As was chronicled by multiple media entities last year, the 2013 Pittsburgh Pirates were one of the most aggressive MLB teams when it came to defensive shifts.
The Bucs’ willingness to put their spray-chart data to good use gave them a subtle, yet definitive edge over the competition in 2013, as they converted 71.5 percent of balls in play into outs, the fifth-best defensive efficiency in the majors.
Pittsburgh played into that glovework by encouraging its pitchers to throw more two-seam fastballs, which typically induce more grounders than fly balls. The strategy worked, as Pirates opponents hit 52.5 percent of their balls in play on the ground, by far the highest ratio in MLB.
But if the so-called “Moneyball era” has taught us anything, it’s that any advantage will eventually be neutralized by the rest of the league catching on. Perhaps in anticipation of this, the Pirates are upping the ante in utilizing their batted-ball data this year.
As Tim Williams of Pirates Prospects has reported this week from Bradenton, Fla., both general manager Neal Huntington and manager Clint Hurdle have been open about the team’s intention to further exploit the tendencies of opposing batters. Part of their plan involves the use of proprietary player-tracking technology, which will allow the Bucs to better position fielders based on their defensive abilities.
That should be exciting to hear if you’re a Pirates fan. As we’ve seen this offseason, the Bucs aren’t willing and/or able to outspend most teams in MLB, but they have the ways and means to discover the small advantages that often make the difference between winning and losing.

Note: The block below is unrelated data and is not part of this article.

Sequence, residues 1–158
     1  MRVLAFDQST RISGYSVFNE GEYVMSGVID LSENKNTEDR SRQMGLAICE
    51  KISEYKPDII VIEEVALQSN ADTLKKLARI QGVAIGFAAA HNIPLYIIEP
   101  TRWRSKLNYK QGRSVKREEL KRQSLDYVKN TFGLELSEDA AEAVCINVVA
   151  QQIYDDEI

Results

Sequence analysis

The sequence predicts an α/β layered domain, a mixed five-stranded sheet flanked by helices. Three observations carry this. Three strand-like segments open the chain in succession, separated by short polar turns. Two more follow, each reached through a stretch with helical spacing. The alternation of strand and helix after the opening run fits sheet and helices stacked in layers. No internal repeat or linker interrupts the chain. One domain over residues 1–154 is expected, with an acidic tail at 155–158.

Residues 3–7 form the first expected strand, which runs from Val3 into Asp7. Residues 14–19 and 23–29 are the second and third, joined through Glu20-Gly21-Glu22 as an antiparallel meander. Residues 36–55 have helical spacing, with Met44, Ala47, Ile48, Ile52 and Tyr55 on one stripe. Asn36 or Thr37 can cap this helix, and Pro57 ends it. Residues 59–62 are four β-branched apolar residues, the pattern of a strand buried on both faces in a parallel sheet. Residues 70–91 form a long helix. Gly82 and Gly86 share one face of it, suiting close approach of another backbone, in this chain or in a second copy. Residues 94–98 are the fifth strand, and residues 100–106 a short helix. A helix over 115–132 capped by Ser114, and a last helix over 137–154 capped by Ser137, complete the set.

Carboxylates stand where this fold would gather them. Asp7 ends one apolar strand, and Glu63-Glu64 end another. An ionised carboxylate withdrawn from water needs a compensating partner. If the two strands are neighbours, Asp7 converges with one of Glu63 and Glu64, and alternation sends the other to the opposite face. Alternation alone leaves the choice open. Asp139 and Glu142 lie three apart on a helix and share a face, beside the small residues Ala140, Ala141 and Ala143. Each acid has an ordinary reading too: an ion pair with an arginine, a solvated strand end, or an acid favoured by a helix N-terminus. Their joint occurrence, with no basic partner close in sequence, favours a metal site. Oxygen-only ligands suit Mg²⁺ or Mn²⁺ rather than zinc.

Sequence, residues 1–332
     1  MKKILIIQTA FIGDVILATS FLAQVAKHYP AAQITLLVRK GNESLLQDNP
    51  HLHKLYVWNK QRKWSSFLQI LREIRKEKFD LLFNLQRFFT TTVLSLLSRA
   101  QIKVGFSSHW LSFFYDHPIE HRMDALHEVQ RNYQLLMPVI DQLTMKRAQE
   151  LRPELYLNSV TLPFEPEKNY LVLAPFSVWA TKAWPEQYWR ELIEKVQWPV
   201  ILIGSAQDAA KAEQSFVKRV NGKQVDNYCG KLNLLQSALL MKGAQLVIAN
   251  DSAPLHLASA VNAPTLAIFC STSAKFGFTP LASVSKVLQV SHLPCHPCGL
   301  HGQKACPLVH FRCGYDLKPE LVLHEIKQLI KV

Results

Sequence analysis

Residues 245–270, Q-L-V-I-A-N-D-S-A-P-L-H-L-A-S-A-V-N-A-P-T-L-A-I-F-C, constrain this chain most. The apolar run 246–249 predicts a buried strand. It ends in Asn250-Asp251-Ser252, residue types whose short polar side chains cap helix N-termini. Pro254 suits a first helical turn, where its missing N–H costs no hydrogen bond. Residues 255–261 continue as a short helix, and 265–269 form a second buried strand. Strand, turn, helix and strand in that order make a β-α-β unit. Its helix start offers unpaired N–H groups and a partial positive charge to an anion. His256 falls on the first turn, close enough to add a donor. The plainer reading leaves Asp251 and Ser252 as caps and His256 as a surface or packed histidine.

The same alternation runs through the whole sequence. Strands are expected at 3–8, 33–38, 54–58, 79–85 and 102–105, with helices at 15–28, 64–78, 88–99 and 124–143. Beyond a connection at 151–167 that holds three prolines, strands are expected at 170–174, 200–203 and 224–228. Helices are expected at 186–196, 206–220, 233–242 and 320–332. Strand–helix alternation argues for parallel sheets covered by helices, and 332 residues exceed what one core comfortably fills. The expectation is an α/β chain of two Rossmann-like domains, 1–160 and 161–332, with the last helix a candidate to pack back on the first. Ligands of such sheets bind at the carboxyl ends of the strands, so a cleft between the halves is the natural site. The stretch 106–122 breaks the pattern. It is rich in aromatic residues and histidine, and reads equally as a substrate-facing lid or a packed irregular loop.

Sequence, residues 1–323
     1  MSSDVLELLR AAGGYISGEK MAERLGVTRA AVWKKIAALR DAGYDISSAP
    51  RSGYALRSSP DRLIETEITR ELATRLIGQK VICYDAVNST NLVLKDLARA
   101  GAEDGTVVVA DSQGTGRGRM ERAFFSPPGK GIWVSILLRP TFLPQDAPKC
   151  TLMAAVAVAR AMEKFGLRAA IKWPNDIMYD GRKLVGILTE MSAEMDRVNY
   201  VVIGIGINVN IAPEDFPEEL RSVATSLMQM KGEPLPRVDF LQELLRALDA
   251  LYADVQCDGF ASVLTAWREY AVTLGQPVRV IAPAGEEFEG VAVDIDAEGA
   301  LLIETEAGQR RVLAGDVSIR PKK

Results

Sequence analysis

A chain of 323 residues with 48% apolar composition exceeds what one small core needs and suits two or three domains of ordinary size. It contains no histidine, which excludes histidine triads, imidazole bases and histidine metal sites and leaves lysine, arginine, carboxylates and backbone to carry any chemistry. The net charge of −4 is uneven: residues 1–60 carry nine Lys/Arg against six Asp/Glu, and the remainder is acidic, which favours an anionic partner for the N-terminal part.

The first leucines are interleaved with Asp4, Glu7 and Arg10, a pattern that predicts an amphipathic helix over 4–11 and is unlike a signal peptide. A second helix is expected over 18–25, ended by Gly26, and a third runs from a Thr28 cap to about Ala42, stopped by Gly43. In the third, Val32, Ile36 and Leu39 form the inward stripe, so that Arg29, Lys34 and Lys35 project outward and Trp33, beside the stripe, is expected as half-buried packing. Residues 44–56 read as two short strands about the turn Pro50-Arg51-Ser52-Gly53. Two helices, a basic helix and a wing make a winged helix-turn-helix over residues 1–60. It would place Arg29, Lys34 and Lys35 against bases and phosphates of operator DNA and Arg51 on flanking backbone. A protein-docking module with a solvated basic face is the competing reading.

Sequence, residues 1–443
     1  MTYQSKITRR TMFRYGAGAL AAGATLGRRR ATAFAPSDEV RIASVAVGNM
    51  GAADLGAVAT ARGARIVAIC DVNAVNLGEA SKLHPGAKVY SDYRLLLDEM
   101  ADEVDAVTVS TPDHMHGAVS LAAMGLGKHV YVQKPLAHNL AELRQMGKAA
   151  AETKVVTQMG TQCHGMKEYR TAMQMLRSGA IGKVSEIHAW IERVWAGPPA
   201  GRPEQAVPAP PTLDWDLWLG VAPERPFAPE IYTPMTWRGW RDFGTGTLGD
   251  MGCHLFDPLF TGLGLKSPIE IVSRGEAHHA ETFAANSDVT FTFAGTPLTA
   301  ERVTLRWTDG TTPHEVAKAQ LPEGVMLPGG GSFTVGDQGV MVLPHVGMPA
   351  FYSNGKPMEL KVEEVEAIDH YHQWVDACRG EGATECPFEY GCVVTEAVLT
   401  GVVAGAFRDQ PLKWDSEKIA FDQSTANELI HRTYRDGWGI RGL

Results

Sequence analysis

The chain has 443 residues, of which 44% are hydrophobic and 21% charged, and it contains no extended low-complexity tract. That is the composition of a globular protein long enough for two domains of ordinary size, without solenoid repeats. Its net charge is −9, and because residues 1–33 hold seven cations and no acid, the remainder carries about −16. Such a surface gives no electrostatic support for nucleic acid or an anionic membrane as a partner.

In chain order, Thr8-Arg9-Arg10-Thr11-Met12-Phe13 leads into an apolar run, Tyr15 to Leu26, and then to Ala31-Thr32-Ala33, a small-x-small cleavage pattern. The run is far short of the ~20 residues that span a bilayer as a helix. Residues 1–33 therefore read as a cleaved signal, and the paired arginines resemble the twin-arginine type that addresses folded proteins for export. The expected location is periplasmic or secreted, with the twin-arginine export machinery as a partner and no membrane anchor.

Former Baseball Prospectus writer/researcher Dan Fox has led the Pirates’ data-mining efforts for the past few years, and it’s to the credit of Huntington, Hurdle and the players that they’ve bought into non-traditional methods, especially on the defensive side of the game.
Huntington told Williams that Pittsburgh will expand their fielder-shifting strategies to the outfield in 2014. The Bucs GM admitted that moving outfielders into unusual positions can lead to bigger potential damage compared to similar moves on the infield, but Huntington seems confident that the information they have can be trusted everywhere on the diamond.
Just as importantly, Hurdle is on board with it, too. He mentioned Tuesday that the athleticism of outfielders Andrew McCutchen and Starling Marte gives the Pirates an opportunity to push the envelope even further because they can cover for batted balls that end up in unexpected places.
All in all, it’s clear that the Pirates aren’t content to simply repeat what they did last year, when they were up there with the Brewers, Rays and Orioles as the most progressive teams in re-thinking defensive positioning. If they want to maintain their 2013 edge, their methods have to be refined.
Starting March 31, we’ll find out if the Bucs’ new formulas are effective.